Sony, Emirates, Coca-Cola and Adidas spearhead a group of FIFA sponsors dissatisfied with the way football’s governing body is handling the allegations of bribery.
Internal investigation regarding corruption in the selection process for the 2018 World Cup (Russia) and especially 2022 World Cup (Qatar) discovered no traces of wrongdoing, but such a report did not sit well with tier-one sponsors.
After several big-name companies expressed their concerns through public statements, Sony and Emirates decided to take matters a step further and declined to extend their contracts with the FIFA beyond the current year.
Sony, the leading Japanese high-tech brand, was an official FIFA sponsor for the past 8 years, contributing around $280 million during that time period. Even if the company did not publically announce reasons for its decision to terminate the collaboration beyond 2014, according to anonymous insider sources, the company wants to dissociate itself from the ongoing crises that shook the FIFA over the previous couple of months. Likewise, the largest international airline in the world, Emirates, decided to pull its support and break off a relationship with the FIFA that started in 2006, publically claiming the move is not related to the bribery scandal. Other sponsors such as Visa, Coca-Cola and Adidas are demanding that the corruption has to be investigated in a thorough and uncompromising manner.
Who will replace Sony and Emirates?
While the FIFA largely deflected public scrutiny and weathered the current crises while remaining tight-lipped about all details, the leave of some of the main sponsors will be felt on the bottom line as the international body is collecting around $350 million annually from its corporate partners. It is possible that other companies might replace Sony and Emirates soon (Samsung and Qatar Airways are mentioned as notable candidates), but there is no doubt that reputation of the global football association has taken a serious hit. Despite concerns about the negative publicity surrounding the bidding process, Adidas, which also sponsored 9 teams in the latest World Cup in Brazil, recently signed an extension of its sponsorship contract that will run through 2030.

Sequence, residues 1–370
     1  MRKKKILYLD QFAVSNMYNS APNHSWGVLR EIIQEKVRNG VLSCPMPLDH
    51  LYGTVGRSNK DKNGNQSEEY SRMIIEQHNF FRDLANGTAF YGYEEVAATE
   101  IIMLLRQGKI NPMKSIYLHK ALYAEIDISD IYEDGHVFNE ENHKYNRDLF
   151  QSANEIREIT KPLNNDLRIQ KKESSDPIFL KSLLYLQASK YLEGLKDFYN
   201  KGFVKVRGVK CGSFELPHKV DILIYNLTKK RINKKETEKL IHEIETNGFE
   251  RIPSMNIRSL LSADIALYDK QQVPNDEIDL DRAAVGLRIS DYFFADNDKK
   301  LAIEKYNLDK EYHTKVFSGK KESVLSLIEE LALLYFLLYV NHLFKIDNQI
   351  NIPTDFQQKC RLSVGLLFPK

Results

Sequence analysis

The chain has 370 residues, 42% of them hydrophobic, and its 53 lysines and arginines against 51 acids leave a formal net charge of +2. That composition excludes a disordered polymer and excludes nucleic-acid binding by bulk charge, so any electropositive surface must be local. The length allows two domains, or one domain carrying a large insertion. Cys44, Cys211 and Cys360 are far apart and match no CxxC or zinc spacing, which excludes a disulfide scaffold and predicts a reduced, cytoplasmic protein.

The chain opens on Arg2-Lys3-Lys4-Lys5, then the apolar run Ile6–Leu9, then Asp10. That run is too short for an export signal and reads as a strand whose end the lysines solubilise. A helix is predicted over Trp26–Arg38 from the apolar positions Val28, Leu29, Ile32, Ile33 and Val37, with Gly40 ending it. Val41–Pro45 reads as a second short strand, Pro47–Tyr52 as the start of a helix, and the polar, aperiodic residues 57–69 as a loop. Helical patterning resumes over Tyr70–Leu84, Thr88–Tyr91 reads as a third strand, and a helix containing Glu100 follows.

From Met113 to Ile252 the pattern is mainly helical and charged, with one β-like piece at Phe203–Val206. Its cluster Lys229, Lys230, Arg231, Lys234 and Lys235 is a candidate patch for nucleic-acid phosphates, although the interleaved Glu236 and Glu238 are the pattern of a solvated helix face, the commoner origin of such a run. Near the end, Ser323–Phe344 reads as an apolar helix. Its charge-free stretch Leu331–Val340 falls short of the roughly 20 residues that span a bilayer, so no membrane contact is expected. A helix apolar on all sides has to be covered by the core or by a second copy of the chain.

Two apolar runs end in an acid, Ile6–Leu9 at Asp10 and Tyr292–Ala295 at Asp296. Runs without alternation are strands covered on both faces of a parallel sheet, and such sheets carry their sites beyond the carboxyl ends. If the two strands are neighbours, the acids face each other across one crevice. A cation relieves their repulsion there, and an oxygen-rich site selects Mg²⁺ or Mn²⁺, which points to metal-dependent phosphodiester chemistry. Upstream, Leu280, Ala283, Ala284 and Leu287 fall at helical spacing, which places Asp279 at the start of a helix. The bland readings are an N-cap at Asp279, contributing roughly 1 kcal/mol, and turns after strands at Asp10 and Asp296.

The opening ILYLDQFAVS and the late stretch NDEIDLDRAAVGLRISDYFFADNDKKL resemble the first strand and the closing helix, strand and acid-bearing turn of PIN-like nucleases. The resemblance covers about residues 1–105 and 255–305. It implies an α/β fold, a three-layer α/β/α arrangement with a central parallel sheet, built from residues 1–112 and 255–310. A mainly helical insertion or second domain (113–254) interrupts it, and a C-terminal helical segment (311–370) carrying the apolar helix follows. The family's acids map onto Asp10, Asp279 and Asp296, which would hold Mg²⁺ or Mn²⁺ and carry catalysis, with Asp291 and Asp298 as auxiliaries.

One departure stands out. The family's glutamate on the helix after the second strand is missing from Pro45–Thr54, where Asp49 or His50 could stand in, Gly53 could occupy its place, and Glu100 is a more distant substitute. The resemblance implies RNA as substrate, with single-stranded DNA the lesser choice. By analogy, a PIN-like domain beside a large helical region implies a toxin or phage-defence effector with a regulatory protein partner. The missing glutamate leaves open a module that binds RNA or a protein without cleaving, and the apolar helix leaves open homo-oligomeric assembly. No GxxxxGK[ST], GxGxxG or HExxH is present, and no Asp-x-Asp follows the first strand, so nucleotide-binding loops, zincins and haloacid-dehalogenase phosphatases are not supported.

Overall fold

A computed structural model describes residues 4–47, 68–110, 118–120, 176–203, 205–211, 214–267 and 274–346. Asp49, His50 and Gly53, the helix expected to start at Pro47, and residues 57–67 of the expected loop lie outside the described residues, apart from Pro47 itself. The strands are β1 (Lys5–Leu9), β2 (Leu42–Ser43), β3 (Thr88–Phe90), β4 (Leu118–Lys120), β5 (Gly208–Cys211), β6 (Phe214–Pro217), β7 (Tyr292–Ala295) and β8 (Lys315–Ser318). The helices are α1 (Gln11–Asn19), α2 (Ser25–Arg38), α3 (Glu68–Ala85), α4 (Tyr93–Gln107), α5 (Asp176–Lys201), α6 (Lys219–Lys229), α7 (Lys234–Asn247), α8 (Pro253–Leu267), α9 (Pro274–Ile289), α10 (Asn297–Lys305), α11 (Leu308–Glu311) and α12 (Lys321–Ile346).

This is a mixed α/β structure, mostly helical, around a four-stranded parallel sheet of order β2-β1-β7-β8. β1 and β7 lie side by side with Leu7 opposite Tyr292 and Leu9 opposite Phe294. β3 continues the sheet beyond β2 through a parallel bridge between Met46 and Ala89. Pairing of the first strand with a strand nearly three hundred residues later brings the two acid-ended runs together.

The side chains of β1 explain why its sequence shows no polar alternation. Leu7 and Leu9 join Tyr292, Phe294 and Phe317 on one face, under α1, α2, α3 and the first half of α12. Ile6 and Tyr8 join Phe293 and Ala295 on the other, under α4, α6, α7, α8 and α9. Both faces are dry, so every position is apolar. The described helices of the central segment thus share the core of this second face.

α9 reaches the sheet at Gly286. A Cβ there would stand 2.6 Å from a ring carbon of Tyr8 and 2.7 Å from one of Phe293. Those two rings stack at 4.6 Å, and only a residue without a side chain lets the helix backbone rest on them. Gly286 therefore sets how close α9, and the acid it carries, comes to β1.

“Due to the ongoing negotiations, we cannot give any further information about future partners in this category at this stage,” FIFA spokeswoman Delia Fischer said in a clear reflection of the present uncertainty regarding its sponsorings.
Are reforms on the horizon?
The association’s evident lack of transparency and inadequate monitoring procedure has been a subject of criticism for a while, but the latest accusations threaten to discredit the entire system and alienate fans. The initial investigation concluded there was inconclusive evidence to call off the decision to award the World Cup to Qatar, but the FIFA recently filed charges against involved officials through the Swiss legal system. With the presidential election coming up next year where long-time FIFA leader Sepp Blatter will be challenged by Jerome Champagne, the time might be right to discuss reforms on a deeper level. The external pressure from corporate partners could provide a stronger motivation for changes.
Did you know? The FIFA earned $4 billion from 2011 to 2014, with around 40% coming from sponsorship, advertising and ticket sales?